As you consider your new bathroom, think about friends and loved ones who will utilize the room, especially young children, elderly persons and people with various physical disabilities. Integrating accessible, universal design features will ensure a functional and pleasing bath for all.
Know Accessible Bathroom Measurements
Become informed about the correct measurements for products you will be adding to your home. Here are some standards from the ADA on what is expected in an accessible bathroom.
Toilet Height: Tall Toilets – 17-19 inches from bottom to top of the toilet seat
Toilet Clearance: 60 inches perpendicular from the side wall and 56 inches from the rear wall
Shower Dimensions: 36 x 60 for a roll in shower
Sink Clearance: 18 inches from Toilet to allow for turning space; minimum 30 inches wide, 17-25 inches deep and 27” above the finished ground.
Sink Height: 34 inch max height with a 24 inch knee clearance.
Doors: minimum of 42 inches wide with a maximum 4 inch opening
Bathtub Clearance: 30 inches wide minimum or 12 inches past the head of the tub when a permanent chair is installed.
Hot-limit Safety Stops - prevent accidental scalding by setting a fixed hottest water temperature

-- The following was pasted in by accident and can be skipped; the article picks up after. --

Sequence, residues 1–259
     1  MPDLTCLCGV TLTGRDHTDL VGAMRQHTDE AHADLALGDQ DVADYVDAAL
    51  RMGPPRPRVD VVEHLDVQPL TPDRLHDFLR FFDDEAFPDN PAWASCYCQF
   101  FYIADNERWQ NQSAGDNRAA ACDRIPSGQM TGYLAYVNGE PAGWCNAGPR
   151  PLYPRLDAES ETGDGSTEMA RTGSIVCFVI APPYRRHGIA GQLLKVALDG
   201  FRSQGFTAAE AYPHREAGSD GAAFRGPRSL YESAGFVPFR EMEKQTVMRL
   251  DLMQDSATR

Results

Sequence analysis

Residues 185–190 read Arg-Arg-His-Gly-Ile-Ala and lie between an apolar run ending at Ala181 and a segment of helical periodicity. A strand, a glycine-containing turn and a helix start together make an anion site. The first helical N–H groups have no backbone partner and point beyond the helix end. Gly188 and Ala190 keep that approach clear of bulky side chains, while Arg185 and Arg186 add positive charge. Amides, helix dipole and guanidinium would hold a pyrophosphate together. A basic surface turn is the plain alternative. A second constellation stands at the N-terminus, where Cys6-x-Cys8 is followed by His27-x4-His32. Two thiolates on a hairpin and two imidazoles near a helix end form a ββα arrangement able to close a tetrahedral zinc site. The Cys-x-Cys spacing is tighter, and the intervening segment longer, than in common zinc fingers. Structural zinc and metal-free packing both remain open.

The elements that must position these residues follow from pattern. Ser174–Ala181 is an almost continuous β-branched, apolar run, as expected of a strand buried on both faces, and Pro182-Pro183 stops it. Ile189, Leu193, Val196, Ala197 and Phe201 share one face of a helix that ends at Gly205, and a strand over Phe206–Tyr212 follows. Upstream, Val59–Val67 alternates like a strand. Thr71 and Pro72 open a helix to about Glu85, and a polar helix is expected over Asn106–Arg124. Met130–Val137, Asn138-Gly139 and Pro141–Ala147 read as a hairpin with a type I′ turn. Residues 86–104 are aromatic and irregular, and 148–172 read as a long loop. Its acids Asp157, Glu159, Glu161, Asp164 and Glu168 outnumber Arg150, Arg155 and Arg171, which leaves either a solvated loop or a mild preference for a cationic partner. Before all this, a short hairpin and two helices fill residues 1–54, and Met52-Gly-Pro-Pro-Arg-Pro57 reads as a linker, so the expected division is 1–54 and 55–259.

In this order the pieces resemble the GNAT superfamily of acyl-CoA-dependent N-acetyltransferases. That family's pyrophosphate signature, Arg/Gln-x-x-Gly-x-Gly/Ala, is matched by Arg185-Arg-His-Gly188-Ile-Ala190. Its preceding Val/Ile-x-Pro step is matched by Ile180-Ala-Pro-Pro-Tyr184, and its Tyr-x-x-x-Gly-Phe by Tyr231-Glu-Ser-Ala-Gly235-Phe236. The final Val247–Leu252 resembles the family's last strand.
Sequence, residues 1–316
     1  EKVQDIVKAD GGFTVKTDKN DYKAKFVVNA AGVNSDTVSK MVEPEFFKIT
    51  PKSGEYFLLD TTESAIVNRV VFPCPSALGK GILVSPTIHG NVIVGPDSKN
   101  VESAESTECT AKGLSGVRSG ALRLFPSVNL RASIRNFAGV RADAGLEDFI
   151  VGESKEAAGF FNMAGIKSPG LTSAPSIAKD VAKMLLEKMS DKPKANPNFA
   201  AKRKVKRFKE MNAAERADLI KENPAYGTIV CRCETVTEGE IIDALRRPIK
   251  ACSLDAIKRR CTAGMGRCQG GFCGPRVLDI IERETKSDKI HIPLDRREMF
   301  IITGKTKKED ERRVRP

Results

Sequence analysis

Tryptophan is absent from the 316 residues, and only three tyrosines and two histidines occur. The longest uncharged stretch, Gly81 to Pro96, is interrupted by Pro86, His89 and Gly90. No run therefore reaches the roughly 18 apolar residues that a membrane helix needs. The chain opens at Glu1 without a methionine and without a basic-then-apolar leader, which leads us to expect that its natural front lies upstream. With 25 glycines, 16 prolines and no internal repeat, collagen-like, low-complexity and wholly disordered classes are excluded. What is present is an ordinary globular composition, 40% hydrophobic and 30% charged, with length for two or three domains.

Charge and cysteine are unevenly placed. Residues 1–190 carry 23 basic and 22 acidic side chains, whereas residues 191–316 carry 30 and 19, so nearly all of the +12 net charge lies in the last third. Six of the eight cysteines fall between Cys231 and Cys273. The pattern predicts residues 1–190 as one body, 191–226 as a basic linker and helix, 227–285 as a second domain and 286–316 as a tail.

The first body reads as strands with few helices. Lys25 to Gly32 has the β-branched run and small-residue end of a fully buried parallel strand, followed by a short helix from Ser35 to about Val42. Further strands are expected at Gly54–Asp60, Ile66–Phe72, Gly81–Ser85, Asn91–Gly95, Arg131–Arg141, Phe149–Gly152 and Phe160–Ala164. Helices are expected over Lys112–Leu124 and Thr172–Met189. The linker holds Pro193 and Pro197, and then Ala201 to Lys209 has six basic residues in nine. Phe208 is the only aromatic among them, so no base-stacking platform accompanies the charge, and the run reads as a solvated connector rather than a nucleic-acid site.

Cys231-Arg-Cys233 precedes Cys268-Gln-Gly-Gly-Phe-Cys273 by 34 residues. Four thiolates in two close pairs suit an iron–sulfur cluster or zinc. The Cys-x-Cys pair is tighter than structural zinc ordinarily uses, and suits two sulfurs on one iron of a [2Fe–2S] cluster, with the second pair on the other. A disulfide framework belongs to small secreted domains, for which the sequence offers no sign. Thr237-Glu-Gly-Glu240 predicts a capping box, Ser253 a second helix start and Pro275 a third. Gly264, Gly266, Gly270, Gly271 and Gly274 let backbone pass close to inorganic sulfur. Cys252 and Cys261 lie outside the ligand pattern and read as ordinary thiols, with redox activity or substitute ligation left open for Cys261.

Faucets with lever handles are perfect for accessible designs in both the kitchen and bathroom as they don’t require a firm grip to turn on and off. Additionally, many faucets are equipped with a hot-limit safety stop that let you fix the hottest water temperature to prevent scalding.
Offset shower on/off and temperature controls so they are closer to the room
Select a thermostatic shower valve that remembers your water temperature preference
Limit the hot water by setting the hot limit safety stop
Install Hand Showers which adjust to different heights and can be used while seated
Opt for a low-threshold shower base of 3-inches or less for easy entry and exit
Install 2 grab bars one 33-36 inches from the finished floor and a lower grab bar 8-10 inches above the rim of the tub
Choose showers and tubs with slip-resistant surfaces to prevent falls
Upgrade to a Walk-in Bathtub
Bathtubs and showers can be installed in numerous ways to accommodate wheelchairs and those with limited mobility. There are roll-in and transfer-type showers that can be installed based on preference and need. Please consult with a design specialist to choose the best option for you and your family.
A walk-in tub is a great option for limited mobility. Designed with safety in mind, walk-in bathtubs feature grab bars, textured floors and Quick Drain® System to remove water from the tub rapidly so you exit the tub safely. They are available with various comfort options including whirlpool, air spa and combination massage tubs to enhance your experience.
Add a hand shower to accommodate bathing and seated showers
Hot Limit Safety Stop
Selecting lever handles makes it easier to turn the shower on and off. Opt for a thermostatic shower valve that maintains the water temperature even after it is turned off, keeping the temperature at your ideal setting. Make sure to adjust the hot limit safety stop in addition to using the thermostatic valve to prevent against scalding.